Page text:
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  • Divya Sharma

Archives in Motion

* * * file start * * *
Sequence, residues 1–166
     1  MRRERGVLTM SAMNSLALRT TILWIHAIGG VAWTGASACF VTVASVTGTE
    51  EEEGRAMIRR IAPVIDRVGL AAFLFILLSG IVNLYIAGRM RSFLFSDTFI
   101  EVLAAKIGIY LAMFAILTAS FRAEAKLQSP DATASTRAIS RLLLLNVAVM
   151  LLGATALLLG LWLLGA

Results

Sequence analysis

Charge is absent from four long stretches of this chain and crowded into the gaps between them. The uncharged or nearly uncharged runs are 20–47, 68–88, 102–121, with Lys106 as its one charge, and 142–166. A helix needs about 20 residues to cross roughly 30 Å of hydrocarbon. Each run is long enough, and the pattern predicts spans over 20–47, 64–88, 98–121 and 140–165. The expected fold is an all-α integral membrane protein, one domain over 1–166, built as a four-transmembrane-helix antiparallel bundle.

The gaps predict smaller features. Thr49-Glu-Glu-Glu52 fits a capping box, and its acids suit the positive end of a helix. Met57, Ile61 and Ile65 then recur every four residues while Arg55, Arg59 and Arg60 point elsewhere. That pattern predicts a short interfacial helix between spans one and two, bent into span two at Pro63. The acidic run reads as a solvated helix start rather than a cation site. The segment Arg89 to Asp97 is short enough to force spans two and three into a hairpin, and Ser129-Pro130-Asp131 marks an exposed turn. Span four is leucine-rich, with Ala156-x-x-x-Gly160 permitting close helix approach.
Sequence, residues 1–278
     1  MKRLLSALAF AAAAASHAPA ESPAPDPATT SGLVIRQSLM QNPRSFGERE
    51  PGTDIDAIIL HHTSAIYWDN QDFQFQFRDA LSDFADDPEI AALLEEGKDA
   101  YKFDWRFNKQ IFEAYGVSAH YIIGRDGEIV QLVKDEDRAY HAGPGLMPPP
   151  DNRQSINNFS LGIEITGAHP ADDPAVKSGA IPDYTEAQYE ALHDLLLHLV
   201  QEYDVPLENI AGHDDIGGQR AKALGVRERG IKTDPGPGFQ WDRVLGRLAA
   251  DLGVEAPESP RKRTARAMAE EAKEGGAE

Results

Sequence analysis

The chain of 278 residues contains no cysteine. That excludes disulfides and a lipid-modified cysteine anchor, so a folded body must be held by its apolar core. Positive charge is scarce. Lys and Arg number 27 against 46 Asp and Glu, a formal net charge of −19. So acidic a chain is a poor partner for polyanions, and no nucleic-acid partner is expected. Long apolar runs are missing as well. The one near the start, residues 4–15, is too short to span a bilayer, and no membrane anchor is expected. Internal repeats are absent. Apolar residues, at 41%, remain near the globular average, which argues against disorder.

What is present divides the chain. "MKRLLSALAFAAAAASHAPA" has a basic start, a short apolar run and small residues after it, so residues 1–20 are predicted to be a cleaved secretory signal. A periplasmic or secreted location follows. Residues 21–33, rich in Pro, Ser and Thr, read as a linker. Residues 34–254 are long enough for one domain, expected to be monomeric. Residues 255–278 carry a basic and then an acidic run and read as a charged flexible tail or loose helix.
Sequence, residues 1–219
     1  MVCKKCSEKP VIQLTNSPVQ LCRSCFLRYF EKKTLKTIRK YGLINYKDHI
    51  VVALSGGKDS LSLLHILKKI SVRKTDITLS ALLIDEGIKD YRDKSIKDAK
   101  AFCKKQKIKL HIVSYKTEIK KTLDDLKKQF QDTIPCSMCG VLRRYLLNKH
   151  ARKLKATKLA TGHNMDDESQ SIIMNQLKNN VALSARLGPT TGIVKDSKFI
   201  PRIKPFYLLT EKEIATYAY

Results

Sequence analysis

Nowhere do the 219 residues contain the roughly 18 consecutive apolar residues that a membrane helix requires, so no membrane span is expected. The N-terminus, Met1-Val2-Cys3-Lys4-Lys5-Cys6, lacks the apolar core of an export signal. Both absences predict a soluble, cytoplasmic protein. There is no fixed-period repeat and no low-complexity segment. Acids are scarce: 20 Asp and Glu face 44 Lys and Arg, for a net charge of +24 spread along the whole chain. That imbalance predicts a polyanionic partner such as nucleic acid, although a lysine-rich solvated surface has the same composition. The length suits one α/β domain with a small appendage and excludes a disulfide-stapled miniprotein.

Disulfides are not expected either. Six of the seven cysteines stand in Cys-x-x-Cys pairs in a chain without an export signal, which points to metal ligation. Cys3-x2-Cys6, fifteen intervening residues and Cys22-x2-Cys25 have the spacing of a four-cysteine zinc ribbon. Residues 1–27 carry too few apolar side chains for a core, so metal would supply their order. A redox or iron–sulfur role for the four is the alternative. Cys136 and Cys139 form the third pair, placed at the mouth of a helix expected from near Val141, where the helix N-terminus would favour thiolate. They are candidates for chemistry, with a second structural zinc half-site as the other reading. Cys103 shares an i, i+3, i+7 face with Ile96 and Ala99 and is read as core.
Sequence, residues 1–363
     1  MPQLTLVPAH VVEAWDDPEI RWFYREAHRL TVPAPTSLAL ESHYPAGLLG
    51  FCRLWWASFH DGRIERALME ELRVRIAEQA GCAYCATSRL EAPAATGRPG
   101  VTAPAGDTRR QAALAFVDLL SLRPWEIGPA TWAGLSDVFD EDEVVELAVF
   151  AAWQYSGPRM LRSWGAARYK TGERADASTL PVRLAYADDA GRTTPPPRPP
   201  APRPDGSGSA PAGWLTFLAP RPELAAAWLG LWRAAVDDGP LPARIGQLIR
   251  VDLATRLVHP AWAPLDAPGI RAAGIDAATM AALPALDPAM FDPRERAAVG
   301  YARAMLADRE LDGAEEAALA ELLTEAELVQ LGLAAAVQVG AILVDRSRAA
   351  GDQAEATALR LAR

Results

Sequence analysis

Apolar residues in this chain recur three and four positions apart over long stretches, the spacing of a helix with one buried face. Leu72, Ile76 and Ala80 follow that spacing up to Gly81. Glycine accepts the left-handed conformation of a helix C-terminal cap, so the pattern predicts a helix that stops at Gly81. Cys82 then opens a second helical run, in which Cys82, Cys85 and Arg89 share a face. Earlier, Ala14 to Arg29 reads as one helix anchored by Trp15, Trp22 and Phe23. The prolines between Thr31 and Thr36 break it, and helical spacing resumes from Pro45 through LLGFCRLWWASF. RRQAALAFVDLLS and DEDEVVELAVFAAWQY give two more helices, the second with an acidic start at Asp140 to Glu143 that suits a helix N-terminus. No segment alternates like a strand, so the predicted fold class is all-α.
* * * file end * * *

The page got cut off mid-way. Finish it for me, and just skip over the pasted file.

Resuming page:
Archival practices have changed under the impact of the introduction of digital technologies. These technologies challenge traditional notions of the permanence and stability of the archival document and open onto a whole range of new questions concerning what exactly it means to store information for future use. Classification, which very often is combined with research, is a way of organizing large collections according to specific categories. The act of bringing out material from its archive itself reenergises it and enables it to have a new life. The idea of an archive in motion is a paradox: the archive is traditionally that which arrests time, which stops all motion. For 19th century historians, the archive was in its essence an institution that made it possible to access “frozen” sections of past time. But the technological developments in the 20th century have forced the archive to confront the question of mobility, both practically and conceptually. The transition from an archive of motion to the notion of an archive in motion is associated with the advent of the computer and the Internet, where constant transfer and updating functions and “live” communication and interaction redefine the archival document itself. There is a global transformation of archives and libraries due to the impact of new technologies. Archives and libraries all around the world struggle to navigate between radical technological shifts and the gradual extinction of older media.

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